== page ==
We've spent the weekend out and about, revisiting a few localities, finding a new one, and then returning to the cabañas to discuss and write manuscripts. Today was a special blend of fieldwork at Cerro Ballena, twinned with museum work at Museo Paleontologico Caldera, in town.
Historically, Caldera has staked its claim on being the port of call for major mining operations in the region, especially around the nearby city of Copiapo. Long-distance sea freight has made Caldera even more important, and many companies continue to set up shop in the vincity. Late afternoon, near our beach house, or home base. (Photo NDP)
A freighter anchored in Bahia Caldera, likely from India, loaded in ore, just as it was even 100 years ago in this small desert town. Cerro Ballena is in the center view of the backdrop, cut by the Pan-American Highway now running on strips both north and south. The entire 2011 quarry is now gone, but many questions remain to be answered about the locality. (Photo NDP).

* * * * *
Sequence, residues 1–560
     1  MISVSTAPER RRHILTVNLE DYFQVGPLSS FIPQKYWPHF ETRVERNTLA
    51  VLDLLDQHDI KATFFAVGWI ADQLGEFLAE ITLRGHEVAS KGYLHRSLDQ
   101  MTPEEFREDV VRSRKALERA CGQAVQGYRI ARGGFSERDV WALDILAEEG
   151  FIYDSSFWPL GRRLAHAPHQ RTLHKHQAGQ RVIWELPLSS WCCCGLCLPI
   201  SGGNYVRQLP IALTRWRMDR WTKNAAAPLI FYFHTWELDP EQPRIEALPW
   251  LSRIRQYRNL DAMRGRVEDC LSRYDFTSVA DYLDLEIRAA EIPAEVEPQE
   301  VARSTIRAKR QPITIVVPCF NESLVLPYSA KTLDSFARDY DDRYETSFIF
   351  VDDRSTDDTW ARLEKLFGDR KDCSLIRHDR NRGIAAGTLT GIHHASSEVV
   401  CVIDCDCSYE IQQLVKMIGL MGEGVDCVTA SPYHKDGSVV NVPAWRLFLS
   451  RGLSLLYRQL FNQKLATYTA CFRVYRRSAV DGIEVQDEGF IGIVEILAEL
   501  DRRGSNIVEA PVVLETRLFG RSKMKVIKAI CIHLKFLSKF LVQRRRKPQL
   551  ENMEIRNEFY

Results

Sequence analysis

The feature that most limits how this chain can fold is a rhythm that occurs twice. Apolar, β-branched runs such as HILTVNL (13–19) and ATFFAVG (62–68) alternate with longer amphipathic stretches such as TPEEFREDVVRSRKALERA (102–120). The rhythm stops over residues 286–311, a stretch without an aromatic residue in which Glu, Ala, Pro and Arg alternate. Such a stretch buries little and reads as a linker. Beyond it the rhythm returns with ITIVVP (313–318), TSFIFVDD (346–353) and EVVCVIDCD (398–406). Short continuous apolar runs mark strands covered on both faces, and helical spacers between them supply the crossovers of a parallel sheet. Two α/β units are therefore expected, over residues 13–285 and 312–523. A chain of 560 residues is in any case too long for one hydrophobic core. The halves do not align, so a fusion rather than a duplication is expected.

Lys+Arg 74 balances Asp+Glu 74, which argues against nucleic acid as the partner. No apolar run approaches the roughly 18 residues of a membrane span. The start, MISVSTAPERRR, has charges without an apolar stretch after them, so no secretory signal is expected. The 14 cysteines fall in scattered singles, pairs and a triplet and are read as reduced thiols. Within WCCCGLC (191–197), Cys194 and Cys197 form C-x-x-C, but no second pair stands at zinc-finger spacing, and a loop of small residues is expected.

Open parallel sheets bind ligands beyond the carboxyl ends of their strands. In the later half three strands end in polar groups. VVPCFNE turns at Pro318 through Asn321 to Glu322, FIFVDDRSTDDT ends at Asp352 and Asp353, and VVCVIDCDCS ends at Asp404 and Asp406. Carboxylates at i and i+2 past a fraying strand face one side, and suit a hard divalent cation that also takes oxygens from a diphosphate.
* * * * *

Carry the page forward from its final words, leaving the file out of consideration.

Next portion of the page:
The skeletons of Cerro Ballena, in their current state, at the Museo Paleontologico Caldera. Several dozen jackets -- many the size of a small boat -- along with many more dozen crates. Here, Chilean graduate students help label, triage and examine the material. Hard to believe that all of these fossils once covered the entire 2011 quarry locality, but, thankfully, they're all in a museum now. (Photo NDP)